This course will examine the origins of western art and architecture, beginning with a brief look at the Bronze Age cultures of the Near East and Egypt, then focusing in detail on Greece and Rome, from the Minoan and Mycenaean world of the second millennium B.C.E to the rule of the Roman emperor Constantine in the fourth century C.E. Among the monuments to be considered are ziggurats, palaces, and the luxuriously furnished royal graves of Mesopotamia; the pyramids at Giza in Egypt and their funerary sculpture; the immense processional temple of Amon at Luxor; the Bronze Age palaces of Minos on Crete—the home of the monstrous Minotaur—and Agamemnon at Mycenae, with their colorful frescoes and processional approaches; the great funerary pots of early Athens and the subsequent traditions of Red and Black Figure vase painting; architectural and freestanding sculpture of the Archaic and Classical periods; the Periclean Acropolis in Athens, with its monumental gateway and shining centerpiece, the Parthenon; and finally, among the cultural riches of Rome, the painted houses and villas of Pompeii; the tradition of Republican and Imperial portraiture; the Imperial fora; the exquisitely carved Altar of Peace of Augustus; the Coliseum; and the Pantheon of the philhellene emperor Hadrian.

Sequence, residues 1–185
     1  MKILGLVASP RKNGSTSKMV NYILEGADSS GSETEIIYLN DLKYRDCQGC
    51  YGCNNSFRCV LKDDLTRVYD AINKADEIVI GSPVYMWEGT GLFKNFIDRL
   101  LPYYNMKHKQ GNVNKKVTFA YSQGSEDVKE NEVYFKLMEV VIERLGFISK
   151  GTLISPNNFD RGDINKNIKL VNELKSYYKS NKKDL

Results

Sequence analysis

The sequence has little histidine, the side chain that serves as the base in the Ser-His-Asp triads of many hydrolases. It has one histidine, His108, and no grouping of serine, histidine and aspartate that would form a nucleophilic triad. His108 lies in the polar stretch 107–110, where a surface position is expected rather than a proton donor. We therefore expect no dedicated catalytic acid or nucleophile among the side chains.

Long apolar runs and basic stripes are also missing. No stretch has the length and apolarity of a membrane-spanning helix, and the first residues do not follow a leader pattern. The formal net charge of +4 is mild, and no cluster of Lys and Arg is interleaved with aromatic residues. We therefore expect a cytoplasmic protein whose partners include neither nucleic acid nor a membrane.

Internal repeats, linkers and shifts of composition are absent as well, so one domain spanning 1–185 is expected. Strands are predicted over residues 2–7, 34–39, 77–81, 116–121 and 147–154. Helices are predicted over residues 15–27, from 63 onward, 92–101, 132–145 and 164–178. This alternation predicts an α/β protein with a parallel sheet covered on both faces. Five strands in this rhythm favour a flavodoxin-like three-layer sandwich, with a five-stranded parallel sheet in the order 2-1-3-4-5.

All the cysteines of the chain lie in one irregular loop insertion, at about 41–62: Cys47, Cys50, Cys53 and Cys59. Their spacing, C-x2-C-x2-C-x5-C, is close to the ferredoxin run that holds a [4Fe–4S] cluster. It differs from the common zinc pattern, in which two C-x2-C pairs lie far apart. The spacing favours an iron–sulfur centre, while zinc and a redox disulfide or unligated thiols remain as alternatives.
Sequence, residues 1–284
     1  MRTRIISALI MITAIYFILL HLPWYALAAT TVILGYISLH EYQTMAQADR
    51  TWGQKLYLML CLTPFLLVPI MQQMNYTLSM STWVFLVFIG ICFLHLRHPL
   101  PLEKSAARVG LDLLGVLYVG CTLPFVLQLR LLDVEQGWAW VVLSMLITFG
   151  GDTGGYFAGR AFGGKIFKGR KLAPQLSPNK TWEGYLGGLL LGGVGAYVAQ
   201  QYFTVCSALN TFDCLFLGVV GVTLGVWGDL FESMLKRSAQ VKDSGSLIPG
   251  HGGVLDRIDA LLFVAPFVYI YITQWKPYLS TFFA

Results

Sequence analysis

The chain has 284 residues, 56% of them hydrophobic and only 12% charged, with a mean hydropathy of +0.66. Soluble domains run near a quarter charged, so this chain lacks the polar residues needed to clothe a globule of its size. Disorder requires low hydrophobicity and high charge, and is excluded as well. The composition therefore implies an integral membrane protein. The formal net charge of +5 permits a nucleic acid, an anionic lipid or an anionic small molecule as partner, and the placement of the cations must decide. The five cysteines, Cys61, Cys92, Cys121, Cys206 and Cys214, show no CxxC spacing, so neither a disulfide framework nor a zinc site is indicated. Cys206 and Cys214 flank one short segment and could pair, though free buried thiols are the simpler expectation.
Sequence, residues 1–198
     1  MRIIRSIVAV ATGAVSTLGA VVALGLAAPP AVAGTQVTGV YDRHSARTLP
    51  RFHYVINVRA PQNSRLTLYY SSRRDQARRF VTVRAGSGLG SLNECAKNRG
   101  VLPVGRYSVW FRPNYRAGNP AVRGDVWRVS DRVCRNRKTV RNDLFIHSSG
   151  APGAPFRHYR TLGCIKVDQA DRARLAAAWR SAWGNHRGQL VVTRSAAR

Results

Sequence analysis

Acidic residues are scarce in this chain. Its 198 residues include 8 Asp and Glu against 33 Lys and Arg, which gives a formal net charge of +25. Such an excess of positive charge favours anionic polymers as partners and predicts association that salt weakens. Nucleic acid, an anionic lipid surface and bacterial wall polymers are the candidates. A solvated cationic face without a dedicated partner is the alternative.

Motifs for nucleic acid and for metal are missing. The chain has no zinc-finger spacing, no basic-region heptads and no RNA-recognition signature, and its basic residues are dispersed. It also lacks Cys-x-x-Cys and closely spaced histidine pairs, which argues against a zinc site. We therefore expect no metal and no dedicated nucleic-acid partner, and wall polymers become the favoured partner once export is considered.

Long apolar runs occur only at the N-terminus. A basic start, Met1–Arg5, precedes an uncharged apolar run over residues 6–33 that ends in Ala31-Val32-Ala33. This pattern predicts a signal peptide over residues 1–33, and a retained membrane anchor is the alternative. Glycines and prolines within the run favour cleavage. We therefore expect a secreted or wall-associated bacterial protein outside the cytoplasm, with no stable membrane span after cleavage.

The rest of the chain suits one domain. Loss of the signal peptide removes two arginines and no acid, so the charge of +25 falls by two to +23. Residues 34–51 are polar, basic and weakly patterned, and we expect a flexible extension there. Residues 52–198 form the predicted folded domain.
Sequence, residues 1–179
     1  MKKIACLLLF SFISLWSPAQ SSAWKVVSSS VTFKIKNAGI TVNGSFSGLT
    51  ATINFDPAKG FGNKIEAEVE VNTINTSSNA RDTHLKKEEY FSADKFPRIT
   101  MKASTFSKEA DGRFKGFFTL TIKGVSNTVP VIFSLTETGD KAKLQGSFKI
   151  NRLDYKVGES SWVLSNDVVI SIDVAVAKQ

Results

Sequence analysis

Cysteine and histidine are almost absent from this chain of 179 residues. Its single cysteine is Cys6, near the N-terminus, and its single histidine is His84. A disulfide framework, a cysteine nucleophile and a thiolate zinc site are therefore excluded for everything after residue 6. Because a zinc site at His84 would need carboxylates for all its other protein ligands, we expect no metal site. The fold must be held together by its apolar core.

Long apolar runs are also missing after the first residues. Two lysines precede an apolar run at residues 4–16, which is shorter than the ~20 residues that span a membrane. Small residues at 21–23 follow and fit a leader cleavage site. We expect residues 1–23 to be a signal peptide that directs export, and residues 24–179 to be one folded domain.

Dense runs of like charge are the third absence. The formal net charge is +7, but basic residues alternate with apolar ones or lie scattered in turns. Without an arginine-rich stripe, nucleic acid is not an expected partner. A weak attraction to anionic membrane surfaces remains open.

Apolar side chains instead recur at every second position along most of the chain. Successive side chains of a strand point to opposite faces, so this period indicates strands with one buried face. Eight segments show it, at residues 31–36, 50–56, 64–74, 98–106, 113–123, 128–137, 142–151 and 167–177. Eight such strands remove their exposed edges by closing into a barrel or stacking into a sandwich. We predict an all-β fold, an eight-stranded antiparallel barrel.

CLAS 30027 (Cross-list HIST 30213)

Sport and Society in the Ancient World

Prof. S. Oswald

TR 9:30 - 10:45, 3 credits

Fulfills History Requirement

In the modern world, sports and sport-like spectacles are a source of livelihood, entertainment, and social interaction for huge swathes of the global population. Fans and practitioners of physical feats of strength were likewise a major component of ancient Greco-Roman society, from the earliest Olympic Games at the dawn of Greek history to the gladiatorial contests and chariot races that characterized the most decadent phases of the Roman Empire. The purpose of this course is to provide an interdisciplinary examination of the origin and nature of sport and spectacle in the Classical world and to compare the role that athletics played in ancient society to the position it occupies in our own lives - from the point of view of athletes, spectators, and patrons alike. Topics covered will include: Near Eastern precursors to Greco-Roman sport; the development of Greek and Roman sport and spectacle through time, the Olympic Games; the role of religious thought in ancient sport; the position of the athlete within society; ancient and modern rewards for athletic valor; athletes in architecture, literature, and art; and the political appropriation of athletes and athletics. The course will focus mostly on formal athletic contests in ancient Greece and on athletic spectacles in ancient Rome, but general recreation and physical education will be considered as well.


CLAS 30211  (Cross-list HIST 30232,  POLS 30703)

Roman Criminal Law

Prof. T. Mazurek

MWF 9:25 - 10:15, 3 credits

Fulfills History Requirement